Bananarama, and Ayda Field Williams.
I am considering working on a new documentary project, but nothing has
been decided upon yet.


3  What is the Greenham Common Peace Camp? Could you introduce it to
our Chinese readers? 

Greenham Common is a former British RAF (Royal Air Force) base. During
the Cold War period in the 1980s the British government allowed American
nuclear missiles to be installed there. Many people were outraged at
this act and a group of women demonstrators made a peaceful protest by
walking 100 miles from Wales to Greenham Common. The number of protestors
eventually grew into thousands and Peace Camps were set up encircling
the base and became women-only.  Their mission, to peacefully disrupt
the movement and deployment of nuclear missiles.


4 Did you join it? Tell some stories about it and you?

I was a photography student during the mid-1980s and visited the
Peace Camp for my final year project. I stayed at Greenham for a
couple of weeks during a very cold winter - sleeping under tarpaulin,
eating donated food and wearing donated clothes. Every morning police
and bailiffs would evict us from the site, and as soon as they had
left we would return to relight the campfire for warmth, tea, talk
and songs;  and some women would plot and plan and eventually by
nightfall would cut through the wire fence that surrounded the base,
and often be arrested found sitting alongside a nuclear missile.


5 When you shot these photos of COMMON PEOPLE did you you think there
will be an exhibition of your work 30 years later?

No, not at all, the pictures have been stored in my negative files
until only last year. 


6  What do you want to convey through these photos?

My pictures mainly show quiet, domestic life at the Peace Camp. I realise
now that this vision is possibly unique, as by excluding all men from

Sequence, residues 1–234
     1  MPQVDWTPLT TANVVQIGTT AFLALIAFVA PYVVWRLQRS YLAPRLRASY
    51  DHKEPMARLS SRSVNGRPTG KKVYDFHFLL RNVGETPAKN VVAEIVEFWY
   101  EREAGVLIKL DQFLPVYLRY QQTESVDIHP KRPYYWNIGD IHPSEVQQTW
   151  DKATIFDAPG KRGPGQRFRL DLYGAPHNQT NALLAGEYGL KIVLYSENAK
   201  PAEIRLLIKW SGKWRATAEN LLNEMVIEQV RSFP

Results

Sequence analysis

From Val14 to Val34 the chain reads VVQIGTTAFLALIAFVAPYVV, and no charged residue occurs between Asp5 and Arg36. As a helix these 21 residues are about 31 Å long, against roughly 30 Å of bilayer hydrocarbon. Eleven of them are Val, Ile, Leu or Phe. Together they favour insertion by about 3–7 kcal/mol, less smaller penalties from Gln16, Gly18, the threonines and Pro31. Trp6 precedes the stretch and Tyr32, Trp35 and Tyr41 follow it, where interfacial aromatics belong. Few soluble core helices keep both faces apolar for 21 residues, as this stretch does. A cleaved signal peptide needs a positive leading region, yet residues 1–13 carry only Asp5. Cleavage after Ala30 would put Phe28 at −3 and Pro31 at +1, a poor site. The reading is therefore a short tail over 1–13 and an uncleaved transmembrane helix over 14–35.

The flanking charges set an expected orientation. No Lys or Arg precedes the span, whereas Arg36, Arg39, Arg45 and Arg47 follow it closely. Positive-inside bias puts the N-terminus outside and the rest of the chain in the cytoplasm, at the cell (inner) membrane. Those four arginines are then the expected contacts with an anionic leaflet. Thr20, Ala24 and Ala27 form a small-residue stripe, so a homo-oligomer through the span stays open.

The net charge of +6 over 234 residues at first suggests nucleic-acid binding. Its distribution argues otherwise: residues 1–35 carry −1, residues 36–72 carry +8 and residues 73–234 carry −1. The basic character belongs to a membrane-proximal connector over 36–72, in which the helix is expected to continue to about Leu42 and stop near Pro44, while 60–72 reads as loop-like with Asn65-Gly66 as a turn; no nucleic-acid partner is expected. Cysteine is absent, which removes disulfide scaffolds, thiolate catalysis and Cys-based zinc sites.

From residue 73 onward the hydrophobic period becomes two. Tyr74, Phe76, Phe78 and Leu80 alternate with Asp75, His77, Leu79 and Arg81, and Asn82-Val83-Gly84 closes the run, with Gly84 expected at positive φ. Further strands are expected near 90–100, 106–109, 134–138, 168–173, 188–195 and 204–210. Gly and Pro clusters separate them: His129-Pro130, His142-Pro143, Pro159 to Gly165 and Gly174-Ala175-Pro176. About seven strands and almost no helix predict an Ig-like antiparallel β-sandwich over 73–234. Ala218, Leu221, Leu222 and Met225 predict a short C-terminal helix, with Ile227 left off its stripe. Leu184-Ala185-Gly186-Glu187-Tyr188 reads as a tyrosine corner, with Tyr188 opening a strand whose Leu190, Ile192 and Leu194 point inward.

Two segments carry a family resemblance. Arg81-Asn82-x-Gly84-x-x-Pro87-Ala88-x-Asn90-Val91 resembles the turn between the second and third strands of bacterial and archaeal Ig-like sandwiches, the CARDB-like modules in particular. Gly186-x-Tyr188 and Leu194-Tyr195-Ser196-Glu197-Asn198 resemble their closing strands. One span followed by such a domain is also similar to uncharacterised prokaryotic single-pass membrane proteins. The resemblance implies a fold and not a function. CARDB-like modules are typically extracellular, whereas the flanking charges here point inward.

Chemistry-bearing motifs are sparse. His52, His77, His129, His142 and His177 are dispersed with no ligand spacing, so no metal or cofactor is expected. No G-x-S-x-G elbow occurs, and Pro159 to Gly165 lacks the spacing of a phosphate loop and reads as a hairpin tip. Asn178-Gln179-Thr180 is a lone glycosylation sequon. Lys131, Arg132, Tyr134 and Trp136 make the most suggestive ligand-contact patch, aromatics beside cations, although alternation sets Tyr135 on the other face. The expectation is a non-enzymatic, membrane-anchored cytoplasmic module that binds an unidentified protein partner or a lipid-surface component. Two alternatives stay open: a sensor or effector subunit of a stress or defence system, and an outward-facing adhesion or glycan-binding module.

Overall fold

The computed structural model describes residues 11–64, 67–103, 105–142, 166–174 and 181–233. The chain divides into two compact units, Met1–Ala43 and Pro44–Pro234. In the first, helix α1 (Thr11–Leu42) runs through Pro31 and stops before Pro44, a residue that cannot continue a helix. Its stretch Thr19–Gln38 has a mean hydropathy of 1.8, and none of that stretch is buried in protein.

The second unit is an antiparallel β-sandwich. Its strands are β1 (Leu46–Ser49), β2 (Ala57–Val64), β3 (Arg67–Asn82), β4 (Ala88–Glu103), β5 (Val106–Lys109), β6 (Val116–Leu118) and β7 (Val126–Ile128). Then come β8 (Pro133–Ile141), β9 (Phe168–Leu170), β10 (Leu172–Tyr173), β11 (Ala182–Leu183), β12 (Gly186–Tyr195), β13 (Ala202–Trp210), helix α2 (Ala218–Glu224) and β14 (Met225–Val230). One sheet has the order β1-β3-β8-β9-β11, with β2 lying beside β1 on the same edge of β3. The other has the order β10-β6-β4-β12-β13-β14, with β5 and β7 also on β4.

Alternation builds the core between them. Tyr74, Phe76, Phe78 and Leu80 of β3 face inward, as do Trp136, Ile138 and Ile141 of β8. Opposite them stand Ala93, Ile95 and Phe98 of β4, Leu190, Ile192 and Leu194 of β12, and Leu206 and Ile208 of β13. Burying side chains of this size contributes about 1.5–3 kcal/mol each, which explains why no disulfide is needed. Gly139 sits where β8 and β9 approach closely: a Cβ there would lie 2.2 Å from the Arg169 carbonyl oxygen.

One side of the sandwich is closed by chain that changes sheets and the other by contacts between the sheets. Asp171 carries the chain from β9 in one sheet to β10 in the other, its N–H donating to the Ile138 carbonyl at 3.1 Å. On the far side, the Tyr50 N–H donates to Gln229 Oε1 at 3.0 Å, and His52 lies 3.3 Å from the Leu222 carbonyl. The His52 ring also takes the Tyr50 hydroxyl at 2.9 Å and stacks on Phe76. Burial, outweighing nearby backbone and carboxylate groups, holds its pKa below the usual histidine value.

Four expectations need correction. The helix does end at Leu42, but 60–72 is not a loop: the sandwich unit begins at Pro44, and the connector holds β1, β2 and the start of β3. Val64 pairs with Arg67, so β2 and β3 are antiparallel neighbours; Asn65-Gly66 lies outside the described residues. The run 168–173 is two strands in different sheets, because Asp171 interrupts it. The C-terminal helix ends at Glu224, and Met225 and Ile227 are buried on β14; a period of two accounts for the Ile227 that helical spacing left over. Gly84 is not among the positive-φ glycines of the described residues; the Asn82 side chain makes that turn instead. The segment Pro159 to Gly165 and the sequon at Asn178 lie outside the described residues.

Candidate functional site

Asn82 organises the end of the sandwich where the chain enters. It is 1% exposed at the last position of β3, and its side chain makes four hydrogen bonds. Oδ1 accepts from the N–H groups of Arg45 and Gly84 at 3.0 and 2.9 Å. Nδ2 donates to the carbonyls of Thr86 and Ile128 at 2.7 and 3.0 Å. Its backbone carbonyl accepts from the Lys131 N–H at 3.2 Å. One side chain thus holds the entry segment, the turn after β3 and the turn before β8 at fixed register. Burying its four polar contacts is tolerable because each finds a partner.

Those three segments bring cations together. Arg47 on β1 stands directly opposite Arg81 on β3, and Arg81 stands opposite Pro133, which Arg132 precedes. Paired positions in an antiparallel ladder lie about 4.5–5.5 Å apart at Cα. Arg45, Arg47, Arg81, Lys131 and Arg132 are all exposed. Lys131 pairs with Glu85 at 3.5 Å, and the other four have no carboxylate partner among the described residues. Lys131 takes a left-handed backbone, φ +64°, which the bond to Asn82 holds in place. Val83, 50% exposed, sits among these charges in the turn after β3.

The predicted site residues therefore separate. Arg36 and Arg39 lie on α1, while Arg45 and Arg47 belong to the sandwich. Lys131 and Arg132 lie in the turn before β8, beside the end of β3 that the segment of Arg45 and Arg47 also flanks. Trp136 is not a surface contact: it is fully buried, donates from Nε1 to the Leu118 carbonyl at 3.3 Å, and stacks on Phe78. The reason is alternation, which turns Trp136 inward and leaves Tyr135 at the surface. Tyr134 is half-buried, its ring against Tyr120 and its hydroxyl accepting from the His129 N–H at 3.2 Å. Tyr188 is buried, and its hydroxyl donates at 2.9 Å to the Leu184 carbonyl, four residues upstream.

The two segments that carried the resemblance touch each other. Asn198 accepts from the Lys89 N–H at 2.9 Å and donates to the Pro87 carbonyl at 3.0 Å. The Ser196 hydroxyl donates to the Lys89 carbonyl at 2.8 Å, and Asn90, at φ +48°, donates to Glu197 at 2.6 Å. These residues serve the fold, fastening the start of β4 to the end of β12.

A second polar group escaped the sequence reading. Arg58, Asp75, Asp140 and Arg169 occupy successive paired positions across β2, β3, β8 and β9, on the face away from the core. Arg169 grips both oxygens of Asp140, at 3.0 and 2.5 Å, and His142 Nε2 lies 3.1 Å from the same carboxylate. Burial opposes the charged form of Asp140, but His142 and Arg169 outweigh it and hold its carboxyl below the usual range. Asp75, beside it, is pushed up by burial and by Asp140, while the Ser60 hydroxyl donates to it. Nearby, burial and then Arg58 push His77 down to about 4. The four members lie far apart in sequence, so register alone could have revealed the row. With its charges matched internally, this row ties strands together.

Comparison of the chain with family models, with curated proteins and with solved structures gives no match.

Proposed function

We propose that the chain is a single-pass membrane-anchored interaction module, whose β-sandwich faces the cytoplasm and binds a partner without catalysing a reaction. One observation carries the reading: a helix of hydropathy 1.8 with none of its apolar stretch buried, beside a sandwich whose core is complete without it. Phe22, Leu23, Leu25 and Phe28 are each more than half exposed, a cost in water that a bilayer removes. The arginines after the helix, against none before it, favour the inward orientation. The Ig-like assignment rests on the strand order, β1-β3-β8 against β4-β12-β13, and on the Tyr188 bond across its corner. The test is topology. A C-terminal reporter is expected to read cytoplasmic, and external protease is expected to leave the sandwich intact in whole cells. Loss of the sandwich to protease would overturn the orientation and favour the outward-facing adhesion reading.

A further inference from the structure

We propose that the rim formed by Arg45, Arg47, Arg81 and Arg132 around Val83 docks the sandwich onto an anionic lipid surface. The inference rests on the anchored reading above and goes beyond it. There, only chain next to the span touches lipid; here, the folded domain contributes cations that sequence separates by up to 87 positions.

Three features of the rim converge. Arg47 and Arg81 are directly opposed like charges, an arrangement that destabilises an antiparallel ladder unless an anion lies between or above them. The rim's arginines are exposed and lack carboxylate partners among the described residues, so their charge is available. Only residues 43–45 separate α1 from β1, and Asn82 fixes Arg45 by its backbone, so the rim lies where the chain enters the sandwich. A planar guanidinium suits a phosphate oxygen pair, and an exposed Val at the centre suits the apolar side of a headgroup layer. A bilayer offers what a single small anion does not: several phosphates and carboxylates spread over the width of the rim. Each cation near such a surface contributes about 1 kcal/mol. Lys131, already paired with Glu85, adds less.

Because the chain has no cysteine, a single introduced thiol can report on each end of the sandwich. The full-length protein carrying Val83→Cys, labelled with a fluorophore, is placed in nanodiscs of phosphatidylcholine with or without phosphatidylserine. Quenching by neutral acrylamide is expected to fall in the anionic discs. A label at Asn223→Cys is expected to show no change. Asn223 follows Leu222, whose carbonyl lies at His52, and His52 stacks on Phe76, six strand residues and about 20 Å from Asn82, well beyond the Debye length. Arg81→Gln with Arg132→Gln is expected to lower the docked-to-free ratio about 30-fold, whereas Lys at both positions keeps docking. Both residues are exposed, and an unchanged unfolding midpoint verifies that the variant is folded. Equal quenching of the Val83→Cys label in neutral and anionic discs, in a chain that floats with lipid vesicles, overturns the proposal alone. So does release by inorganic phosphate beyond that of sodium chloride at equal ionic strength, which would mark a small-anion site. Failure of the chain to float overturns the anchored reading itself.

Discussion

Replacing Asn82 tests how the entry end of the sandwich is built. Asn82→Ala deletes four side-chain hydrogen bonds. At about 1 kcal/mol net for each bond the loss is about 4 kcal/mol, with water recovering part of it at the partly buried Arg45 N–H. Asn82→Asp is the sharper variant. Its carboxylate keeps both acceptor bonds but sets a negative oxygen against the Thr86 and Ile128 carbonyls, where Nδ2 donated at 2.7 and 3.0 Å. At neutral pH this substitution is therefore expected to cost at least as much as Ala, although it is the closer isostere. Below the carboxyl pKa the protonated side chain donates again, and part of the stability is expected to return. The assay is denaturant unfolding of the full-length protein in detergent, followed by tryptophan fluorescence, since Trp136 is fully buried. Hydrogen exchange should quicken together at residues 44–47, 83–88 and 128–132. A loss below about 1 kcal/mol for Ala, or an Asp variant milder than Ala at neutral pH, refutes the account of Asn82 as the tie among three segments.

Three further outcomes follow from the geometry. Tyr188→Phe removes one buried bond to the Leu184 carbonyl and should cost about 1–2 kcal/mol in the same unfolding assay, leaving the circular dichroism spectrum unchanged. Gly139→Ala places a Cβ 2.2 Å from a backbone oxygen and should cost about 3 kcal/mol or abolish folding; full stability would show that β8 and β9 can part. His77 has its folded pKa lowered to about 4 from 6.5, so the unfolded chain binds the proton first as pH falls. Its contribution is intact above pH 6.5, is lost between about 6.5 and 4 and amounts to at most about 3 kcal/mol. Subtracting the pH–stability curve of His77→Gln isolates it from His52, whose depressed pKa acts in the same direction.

the camps would have also meant excluding most photographers, as photography
at that time was very much male dominated.


7  How do you think the photography experiences affected your later
photography career?

As a student I was interested in both documentary and fashion photography.
As a professional photographer I fell into working in the fashion industry
as I was inspired by the photographers, mainly fashion photographers, whom
I had assisted. In recent years I have been working towards more portrait
commissions as I like to show a reality and truth in my work. Re-visiting
my Greenham pictures has made me reconsider my early thoughts on documentary
photography and I am now looking for new ways I can take this forward in my
career.


8 What do you think about as a woman photographer in shooting beauty,
fashion,lifestyle photography?

I believe that whatever genre of photography I choose to work in – beauty,
fashion, lifestyle, portraiture, documentary etc - my creative style
as a photographer is as individual and unique as the personality of
any photographer, regardless of gender.


9  How many years do you take photography as a career? And How do you
keep your passion alive in photography?

Next year I will be celebrating thirty years as a professional photographer. 
The advent of digital cameras was definitely a moment that boosted my
passion for photography – I often prefer to work with daylight, so the
extra film and shutter speeds combined with auto-focusing allowed me
to push the boundaries of my vision.


10 Could you give some advice to our readers about how to take a nice
photo?

A ‘nice’ photograph doesn’t have to be technically perfect, but I think
it does have to convey something of a message to it’s audience. There is
usually a reason for taking a photograph so it is important that your
audience understands the message or story you are trying to convey.
Photography like art is only ‘nice’ if the viewer believes it to be so. 
I always question my own work by asking myself  “Is it real..?”
“do I believe..?”.

COMMON PEOPLE can be seen at the Greenham Common Control Tower
until this Saturday 9th March.